Foreign direct investment (FDI) has been allowed through the automatic route in almost 92 per cent of all areas open to investments and would eventually be pushed up to 97-98 per cent, Department of Industrial Policy and Promotion (DIPP) Secretary Amitabh Kant said on Tuesday.
Speaking at the 93rd annual event of industry body Assocham, Kant said businessmen need not visit the Finance Ministry or Udyog Bhavan (Commerce and Industry Ministry) every time they need approvals for starting business.
In a related development, the government notified changes to key components of the FDI policy, opening up 15 critical sectors to higher investment caps and easier compliance norms by foreign investors. The changes were announced on November 10. The notification defined terms like manufacture. This was in line with the new policy to allow Indian manufacturers sell their products in any manner, wholesale and retail, including through e-commerce platforms.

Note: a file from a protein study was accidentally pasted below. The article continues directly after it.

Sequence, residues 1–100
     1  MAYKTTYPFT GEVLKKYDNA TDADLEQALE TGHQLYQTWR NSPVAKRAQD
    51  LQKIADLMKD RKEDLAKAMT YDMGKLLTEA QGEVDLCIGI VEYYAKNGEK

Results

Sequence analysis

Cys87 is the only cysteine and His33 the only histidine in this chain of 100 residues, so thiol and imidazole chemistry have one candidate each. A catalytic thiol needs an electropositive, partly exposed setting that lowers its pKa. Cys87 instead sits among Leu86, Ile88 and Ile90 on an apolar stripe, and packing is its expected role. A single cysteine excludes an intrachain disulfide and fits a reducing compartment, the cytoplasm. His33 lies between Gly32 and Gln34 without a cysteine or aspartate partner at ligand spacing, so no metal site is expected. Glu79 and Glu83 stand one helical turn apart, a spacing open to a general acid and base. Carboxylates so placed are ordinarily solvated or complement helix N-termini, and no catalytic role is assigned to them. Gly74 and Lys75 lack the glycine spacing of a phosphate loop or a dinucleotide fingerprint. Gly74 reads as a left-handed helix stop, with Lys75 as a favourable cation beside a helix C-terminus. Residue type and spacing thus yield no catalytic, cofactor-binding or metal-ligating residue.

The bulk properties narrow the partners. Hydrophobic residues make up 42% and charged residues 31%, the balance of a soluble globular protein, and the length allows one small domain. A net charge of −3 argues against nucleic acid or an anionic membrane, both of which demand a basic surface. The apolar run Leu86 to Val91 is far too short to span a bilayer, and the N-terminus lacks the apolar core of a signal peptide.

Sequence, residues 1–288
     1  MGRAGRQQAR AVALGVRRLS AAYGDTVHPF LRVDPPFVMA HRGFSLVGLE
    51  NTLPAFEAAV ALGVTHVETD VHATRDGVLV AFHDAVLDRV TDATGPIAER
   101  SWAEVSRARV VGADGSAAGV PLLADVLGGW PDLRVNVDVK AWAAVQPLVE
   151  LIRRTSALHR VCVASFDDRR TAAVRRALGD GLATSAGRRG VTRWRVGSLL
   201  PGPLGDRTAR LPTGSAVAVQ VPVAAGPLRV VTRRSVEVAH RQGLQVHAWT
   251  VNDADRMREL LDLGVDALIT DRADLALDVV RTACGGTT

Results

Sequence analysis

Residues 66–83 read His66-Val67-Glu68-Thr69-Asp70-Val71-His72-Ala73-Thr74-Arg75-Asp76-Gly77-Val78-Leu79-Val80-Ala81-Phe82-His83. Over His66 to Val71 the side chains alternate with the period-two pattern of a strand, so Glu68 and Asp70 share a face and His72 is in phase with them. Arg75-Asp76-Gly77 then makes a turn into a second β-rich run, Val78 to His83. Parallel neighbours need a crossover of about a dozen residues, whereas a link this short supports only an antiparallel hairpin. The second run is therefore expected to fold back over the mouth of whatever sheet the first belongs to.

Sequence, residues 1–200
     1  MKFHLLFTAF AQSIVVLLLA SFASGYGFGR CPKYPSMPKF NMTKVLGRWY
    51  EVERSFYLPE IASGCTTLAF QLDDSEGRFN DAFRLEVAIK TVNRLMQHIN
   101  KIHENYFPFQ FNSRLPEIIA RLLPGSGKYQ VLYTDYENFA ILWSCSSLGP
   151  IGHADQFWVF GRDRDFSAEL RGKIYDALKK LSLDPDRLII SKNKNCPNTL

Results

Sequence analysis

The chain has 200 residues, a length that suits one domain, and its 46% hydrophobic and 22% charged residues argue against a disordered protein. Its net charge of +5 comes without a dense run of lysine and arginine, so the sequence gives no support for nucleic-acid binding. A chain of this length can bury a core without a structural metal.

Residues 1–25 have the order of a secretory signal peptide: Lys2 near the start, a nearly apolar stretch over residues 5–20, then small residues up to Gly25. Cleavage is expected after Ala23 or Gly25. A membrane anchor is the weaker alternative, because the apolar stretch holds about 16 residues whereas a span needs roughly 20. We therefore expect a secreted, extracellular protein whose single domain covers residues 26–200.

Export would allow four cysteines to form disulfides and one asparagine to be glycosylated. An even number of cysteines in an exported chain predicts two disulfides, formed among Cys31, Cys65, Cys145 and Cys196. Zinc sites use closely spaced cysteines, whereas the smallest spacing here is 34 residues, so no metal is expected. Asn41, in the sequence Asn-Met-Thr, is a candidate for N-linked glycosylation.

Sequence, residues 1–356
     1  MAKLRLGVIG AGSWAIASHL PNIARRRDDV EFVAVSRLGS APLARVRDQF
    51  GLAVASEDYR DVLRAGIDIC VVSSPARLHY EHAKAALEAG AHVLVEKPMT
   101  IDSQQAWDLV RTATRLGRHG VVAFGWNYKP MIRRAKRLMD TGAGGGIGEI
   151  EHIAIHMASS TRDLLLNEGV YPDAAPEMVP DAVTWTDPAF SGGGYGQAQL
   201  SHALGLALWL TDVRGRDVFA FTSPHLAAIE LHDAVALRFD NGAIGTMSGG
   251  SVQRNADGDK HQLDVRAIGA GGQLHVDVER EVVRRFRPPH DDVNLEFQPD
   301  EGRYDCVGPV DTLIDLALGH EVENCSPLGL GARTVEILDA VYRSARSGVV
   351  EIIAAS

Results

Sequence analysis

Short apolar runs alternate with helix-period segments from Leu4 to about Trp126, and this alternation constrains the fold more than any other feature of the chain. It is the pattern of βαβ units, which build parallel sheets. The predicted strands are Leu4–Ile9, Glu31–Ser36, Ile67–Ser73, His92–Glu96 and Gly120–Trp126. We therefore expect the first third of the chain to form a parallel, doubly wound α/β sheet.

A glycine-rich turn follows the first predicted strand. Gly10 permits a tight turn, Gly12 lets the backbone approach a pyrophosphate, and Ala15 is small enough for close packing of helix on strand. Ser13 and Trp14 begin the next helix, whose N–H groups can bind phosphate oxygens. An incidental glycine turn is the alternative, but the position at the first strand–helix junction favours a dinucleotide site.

The definition made sure simple value-addition to a product does not qualify for manufacturing. It defined manufacturing as a process to change an object into an entirely different one. It extended the new definition of control and ownership to limited liability partnership companies. Control was defined as the right to appoint a majority of company directors or control policy decisions, while a company would be considered owned by resident Indian citizens if more than 50 per cent of the capital was beneficially owned by them. Kant said the next major push towards improving ease of doing business was coming from the states, who have seen a significant rise in "competitive spirit". "If around 12 states grow at a rate of 10 per cent plus, only then would India grow at 9-10 per cent per annum," Kant said.
In the current year, he said, 340 specific points have been given to the states by DIPP to work on and improve their ease of doing business rankings. This is up from the 100-odd points given last year.
Stressing on the urgent need to urbanise, Kant said newer cities providing quality lifestyle and resources was imperative to handle the millions of Indians migrating from rural areas.
The secretary also said such a development model would have to be drastically different than those in the US or Europe, which have seen major urbanisation at a time when land, water and energy were not at a premium, as was the case now.